It's been a long time since jazz was popular music. Contemporary performers tend to be nostalgic for the era's glory days, or else avant-gardists entirely uninterested in accessibility. There's been some crossover with funk and hip-hop by performers like Esperanza Spalding and Kamasi Washington, but if I pick up a new jazz album I know little about, I expect it to be hummable or to be trying something new, but not both.
Chicago saxophonist (and sometime Bon Iver collaborator) Dustin Laurenzi's new disc Snaketime out on Astral Spirits is a pleasant surprise. The album features re-workings of songs by Moondog, a street musician who performed wearing a Viking helmet and a gigantic beard. Moondog was strongly influenced by Bach and minimalism as well as by jazz and the Beats; his classic 1960s albums are mostly short and tunefully fractured, with sophisticated counterpoint and a unique sense of structure.
Though Moondog was a fan of Charlie Parker and vice versa, he's a bit off to the side of the usual jazz canon, and that gives Laurenzi and his octet a chance to approach the tradition from a different vantage—one in which through competition, repetition, and melody are intertwined with more experimental skronk.
The album's first track, "Nero's Expedition" is based on a two-minute round with a strong Orientalist exotica component. The original sounds like a Les Baxter rewriting of "Row, Row, Row Your Boat." Laurenzi takes this quasi-novelty and turns it into a sinuous 7:45 minute grind and sway, with the spirit of that other great jazz self-mythologizer and spaceways explorer Sun Ra floating over the starlit caravan. Bass clarinetist Jason Stein blows sultry lines over Quin Kirchner and Ryan Packard's percussion and guitarist Dave Miller and bassist Matt Ulery provide a dissonant psychedelic background. The tune repeats with pop music relentlessness, even as the horns wander off towards freer exploration before returning into the gently undulating fabric.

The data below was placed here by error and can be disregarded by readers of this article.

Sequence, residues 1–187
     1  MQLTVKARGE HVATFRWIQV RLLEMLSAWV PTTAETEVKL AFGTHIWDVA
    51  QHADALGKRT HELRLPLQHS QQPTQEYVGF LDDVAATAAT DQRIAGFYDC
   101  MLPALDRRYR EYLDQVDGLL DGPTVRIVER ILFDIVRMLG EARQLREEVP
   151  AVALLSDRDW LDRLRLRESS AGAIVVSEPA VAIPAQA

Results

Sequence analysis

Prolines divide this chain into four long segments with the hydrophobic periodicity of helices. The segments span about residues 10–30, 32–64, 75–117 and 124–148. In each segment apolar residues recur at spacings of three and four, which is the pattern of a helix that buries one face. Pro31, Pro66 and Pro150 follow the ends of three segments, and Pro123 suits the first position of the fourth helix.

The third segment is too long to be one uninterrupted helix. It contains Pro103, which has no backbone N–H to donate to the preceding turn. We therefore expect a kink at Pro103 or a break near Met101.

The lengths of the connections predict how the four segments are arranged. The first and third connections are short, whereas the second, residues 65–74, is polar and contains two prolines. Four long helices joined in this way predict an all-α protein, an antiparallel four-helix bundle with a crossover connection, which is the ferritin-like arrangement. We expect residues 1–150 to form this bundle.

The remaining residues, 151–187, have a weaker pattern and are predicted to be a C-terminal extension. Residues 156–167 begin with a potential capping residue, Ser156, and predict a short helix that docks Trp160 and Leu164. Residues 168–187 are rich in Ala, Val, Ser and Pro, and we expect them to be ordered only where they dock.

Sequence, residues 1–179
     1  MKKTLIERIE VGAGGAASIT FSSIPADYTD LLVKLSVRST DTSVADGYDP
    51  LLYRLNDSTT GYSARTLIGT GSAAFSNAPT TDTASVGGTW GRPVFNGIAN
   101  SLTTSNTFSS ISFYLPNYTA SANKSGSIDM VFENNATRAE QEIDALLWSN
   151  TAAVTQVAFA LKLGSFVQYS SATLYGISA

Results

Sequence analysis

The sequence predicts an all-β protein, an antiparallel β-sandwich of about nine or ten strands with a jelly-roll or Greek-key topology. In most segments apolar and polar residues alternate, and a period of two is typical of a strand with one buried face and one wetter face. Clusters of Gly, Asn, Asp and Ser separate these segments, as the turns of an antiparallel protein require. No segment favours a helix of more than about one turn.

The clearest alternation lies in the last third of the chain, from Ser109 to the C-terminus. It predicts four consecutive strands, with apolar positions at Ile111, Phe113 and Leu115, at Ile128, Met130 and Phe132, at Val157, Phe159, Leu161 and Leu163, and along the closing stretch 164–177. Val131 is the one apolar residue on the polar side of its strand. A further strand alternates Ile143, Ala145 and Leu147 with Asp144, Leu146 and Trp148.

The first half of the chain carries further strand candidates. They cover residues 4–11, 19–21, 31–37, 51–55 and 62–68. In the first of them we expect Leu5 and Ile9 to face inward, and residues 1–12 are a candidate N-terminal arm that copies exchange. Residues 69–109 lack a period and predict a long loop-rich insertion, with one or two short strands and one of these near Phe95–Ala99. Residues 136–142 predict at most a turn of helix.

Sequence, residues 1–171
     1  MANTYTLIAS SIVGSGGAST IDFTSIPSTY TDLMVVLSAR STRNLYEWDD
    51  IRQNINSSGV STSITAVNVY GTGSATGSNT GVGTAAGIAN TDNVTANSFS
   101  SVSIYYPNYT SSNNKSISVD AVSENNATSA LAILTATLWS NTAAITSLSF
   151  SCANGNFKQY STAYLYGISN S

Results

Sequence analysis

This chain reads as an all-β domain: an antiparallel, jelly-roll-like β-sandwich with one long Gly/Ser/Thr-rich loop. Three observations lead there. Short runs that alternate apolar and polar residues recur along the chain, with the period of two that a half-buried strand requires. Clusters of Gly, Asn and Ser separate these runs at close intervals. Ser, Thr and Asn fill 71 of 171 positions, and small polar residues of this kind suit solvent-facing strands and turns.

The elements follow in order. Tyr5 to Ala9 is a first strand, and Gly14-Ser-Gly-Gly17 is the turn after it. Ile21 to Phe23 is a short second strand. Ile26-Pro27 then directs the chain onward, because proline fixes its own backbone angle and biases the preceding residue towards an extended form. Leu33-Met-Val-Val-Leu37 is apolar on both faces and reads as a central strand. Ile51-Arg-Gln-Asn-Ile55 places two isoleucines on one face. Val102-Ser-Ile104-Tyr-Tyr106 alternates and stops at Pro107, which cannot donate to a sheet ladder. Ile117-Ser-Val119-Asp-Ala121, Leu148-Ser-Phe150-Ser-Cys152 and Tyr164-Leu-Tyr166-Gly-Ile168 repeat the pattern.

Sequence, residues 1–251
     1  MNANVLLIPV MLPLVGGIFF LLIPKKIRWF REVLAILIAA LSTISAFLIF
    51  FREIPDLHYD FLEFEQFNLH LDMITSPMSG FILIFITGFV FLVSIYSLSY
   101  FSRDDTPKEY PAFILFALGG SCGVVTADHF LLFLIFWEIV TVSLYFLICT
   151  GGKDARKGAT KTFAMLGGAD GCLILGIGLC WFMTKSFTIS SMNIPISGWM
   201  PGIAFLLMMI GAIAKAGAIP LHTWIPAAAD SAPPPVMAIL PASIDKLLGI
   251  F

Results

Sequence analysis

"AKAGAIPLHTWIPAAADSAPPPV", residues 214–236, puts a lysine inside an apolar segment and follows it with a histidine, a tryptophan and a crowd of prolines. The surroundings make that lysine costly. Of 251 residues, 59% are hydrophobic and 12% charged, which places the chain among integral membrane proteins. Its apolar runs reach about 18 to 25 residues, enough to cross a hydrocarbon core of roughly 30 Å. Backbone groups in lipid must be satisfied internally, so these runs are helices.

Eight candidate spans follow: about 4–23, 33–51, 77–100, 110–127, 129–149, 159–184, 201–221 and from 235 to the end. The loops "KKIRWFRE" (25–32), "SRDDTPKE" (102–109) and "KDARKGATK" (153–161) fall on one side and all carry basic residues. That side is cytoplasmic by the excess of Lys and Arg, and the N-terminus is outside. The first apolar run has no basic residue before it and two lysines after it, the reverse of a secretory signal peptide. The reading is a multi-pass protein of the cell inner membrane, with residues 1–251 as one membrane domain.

Moondog’s "Lament 1 (Bird's Lament)" was a tribute to Parker, and the octet takes pleasure in running with the jazzy head. But they also hold onto Moondog's minimalist vamp. The result is a kind of Steve Reich bop, with the simple melody insistently insisting, while Laurenzi engages in a hard-charging, extended gutbucket solo that is more Illinois Jacquet than Parker. The song is both dissonant and fun, pulling together unexpected bits of jazz past to dance together at a very up-to-the-minute party.
Janis Joplin famously covered Moondog's "All Is Loneliness," dropping a powerhouse blues vocal in the middle of the song's eerie minor harmonies. Laurenzi's approach to the song couldn't be much more different. The octet stretches out the tune, so the melody turns into ambient washes, the horn lines wandering around as if trying and failing to find each other in some vast cavern. The vocal is mixed so far down you can barely hear it over the Native-American influenced percussion, while Laurenzi indulges in Coltrane-like explorations. For Joplin the phrase "all is loneliness here for me" sounds like a lament for a specific lost love. But for Laurenzi it's a more diffuse existential bereavement—the song's a spiritual quest for someone who isn't there.
I like "All Is Loneliness," but it’s less instantly accessible than some of the other performances. The shortest track on the album, "Remember," is the one that best captures Snaketime's appeal. The horns play a Thelonious Monk-like head, which goes pinging and honking about, chased by guitar and bass plinks. It could be an off-kilter background soundtrack to a video of baby ducks waddling and falling over. It's joyfully klutzy, right up to the last, wistful honk. Light-hearted, unassuming, and yet still adventurous, Snaketime doesn't change the face of jazz. But it manages to make the genre slither off in some delightfully unexpected directions.